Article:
Poker; Luck, or Skill?

by PokerAnon ~ September 7th, 2012. Filed under: Gambling.


I’ve made posts in years gone by where I’ve mused on the degree of chance versus skill in poker when compared with other games such as roulette, chess, or blackjack, so I was intrigued when I saw a news article from a study on luck and skill in poker.

The article is overshadowed if you search the news in the late part of August for “poker”, “skill”, and “luck” by the ruling by the Brooklyn federal judge who ruled that poker is more a game of skill than of chance, a story which hit the news at about the same time as the research article. In that story the judge ruled that poker is more a game of skill than chance.

In the article that I read the researcher claims differently than the judge.

Where is the line dividing luck and skill? How much does chance determine success? It turns out that, from sport to the stock market, we are constantly deluded by an illusion of order, when in fact we are assailed by randomness. And a new study claims that, in one area where we ultimately expect skill to triumph – namely, poker – we may be far more at the mercy of fortune than we believe.

Anyone who has ever played Texas hold ’em or the like thinks they know how much talent is involved. But Professor Gerhard Meyer, of the University of Bremen’s Institute of Psychology and Cognition Research, says they are wrong. He says that we are, as in so many parts of our life, fooled by randomness into believing that we are masters of our destiny.

Poker, he insists, is largely a game of chance. Some games are clearly luck – roulette, for instance – while others, like chess, are matters of pure skill. But, as Meyer explains, “most games are heterogeneous, because they involve both chance and skill, and poker falls into this category.” The question is, how much skill is involved? Meyer’s study found that the workings of randomness far outweigh the importance of talent or hard work.

In Meyer’s study, 300 poker players took part, playing 60 hands each on tables of six. They were divided into “expert” and “average” players, and their ability to make money from good, bad and average hands was assessed. It turned out that – as you might expect – “expert” players lost less money on bad hands; but surprisingly, they did no better than average players on mediocre hands and even made slightly less on good ones. The conclusion, says Meyer, is that “poker players overestimate the skill factor in their play.”

Where is the line dividing luck and skill? How much does chance determine success? It turns out that, from sport to the stock market, we are constantly deluded by an illusion of order, when in fact we are assailed by randomness. And a new study claims that, in one area where we ultimately expect skill to triumph – namely, poker – we may be far more at the mercy of fortune than we believe.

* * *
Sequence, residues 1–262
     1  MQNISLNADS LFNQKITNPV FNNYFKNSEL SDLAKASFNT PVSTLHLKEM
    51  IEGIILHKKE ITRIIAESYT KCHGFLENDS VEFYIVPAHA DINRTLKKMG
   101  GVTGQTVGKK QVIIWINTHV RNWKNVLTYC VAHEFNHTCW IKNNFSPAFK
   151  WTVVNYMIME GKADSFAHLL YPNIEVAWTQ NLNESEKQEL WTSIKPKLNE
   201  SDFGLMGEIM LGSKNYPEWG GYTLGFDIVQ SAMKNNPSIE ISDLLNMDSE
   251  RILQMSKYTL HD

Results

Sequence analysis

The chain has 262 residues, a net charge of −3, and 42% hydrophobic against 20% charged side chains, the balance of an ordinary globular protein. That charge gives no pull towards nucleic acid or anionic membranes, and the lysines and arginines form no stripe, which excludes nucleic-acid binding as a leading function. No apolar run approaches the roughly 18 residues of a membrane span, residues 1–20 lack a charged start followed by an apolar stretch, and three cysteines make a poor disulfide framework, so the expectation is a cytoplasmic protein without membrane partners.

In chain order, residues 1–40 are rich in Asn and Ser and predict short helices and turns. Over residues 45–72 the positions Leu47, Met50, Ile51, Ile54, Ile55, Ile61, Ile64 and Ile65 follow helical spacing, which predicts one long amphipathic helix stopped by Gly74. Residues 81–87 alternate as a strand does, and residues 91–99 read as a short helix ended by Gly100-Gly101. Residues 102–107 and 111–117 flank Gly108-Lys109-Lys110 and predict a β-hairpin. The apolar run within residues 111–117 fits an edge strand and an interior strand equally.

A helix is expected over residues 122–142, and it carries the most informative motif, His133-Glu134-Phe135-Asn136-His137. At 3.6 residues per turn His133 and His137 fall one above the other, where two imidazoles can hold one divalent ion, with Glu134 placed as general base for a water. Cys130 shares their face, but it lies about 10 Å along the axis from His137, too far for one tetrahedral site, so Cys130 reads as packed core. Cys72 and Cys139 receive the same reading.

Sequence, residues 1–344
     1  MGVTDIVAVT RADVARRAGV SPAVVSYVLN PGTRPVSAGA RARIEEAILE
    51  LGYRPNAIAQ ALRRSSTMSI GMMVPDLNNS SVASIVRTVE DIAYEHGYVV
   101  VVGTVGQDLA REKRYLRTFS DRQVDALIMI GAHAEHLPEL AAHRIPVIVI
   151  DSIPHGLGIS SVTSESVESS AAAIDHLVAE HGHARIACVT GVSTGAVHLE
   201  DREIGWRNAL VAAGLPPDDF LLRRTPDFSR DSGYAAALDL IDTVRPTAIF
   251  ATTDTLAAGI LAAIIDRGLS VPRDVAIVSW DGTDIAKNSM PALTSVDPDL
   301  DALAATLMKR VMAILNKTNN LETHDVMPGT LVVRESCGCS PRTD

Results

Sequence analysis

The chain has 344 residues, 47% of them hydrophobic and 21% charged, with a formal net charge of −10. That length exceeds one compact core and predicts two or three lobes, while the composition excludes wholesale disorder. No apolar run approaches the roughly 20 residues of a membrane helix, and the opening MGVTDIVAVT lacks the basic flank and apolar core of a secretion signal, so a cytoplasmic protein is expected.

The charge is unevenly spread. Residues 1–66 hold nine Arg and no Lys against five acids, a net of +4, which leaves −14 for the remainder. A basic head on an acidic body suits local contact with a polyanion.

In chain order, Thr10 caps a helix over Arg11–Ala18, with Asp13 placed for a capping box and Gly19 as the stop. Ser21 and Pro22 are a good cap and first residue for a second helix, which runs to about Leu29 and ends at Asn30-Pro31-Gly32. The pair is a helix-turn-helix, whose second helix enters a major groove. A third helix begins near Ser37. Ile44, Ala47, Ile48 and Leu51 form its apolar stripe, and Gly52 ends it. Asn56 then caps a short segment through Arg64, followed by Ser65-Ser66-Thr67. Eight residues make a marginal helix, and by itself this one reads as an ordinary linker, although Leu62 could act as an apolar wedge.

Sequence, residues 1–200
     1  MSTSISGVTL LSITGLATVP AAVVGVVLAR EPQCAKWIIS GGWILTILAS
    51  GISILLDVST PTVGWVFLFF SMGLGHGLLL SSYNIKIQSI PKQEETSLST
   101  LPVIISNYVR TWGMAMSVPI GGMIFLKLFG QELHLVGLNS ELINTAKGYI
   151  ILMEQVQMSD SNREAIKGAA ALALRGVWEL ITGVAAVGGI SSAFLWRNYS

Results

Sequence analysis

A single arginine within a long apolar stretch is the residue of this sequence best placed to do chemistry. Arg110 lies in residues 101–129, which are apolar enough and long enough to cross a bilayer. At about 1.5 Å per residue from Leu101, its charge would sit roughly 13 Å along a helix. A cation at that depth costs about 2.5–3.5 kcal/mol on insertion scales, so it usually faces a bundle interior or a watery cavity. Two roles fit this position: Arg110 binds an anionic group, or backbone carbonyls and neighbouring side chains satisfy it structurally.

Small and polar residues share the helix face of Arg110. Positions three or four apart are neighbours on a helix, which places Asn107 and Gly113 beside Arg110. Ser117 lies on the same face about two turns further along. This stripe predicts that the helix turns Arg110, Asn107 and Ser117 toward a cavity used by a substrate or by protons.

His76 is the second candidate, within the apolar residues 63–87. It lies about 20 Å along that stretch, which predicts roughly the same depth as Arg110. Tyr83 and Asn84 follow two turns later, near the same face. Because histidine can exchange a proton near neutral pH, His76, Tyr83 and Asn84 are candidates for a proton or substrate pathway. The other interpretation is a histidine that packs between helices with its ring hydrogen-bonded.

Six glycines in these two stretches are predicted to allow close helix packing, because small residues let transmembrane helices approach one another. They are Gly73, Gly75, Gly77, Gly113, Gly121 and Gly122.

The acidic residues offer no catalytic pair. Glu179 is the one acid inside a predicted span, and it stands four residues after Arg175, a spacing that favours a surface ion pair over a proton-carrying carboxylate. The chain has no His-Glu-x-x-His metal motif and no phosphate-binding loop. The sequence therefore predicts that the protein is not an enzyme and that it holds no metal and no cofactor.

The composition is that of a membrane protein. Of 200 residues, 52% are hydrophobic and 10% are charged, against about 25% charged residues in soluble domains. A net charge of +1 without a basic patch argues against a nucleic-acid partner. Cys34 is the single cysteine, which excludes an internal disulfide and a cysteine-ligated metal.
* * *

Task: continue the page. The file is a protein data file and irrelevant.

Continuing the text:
First, LOL using 60 hands per player as a statistical basis. Even if you multiply 60 hands by 300 participants that totals 18,000 hands, which still isn’t significant for analyzing results even if those hands all belonged to a single individual. Any poker player who has done any study at all knows this.

Lose less with the bad hands? Okay. Win less with the good hands? Umm, what do expect when you are only going to play 60 hands? Decent players are going to wait until their skill tells them how to play at this particular table. Decent players know that results only become significant with thousands of hands, not 60. They’re apt to play conservatively, losing less with poor hands and winning less with good hands, until they figure out their opposition and how to play them. You want to compare chess players but end their games after three moves each and then look at the statistics? And why not evaluate players who have of millions of hands of poker stored in their databases showing that they are winning and covering the rake, and then tell them that in poker “the workings of randomness far outweigh the importance of talent or hard work”?

I do see two caveats with my comments about this article. One is that there are at least two individuals involved here, the professor and the author, and it’s possible that the author has slanted this article for entertainment purposes. Even if that’s the case I’m not sure I can buy the direct quotes from the researcher.

The other caveat is that both the author and the researcher refer to “we” and “poker players” as not understanding the degree to which randomness affects results, and it’s possible that by those references they mean Joe Average recreational player. If that’s the case, then they should have specified. Again though, based on the direct quotes I don’t think that the researcher has a clue how good poker players understand and deal with the randomness.

I hope no funding body paid a lot of money for this research to take place. Even the anti-gambling anti-poker factions would have wasted their money here.

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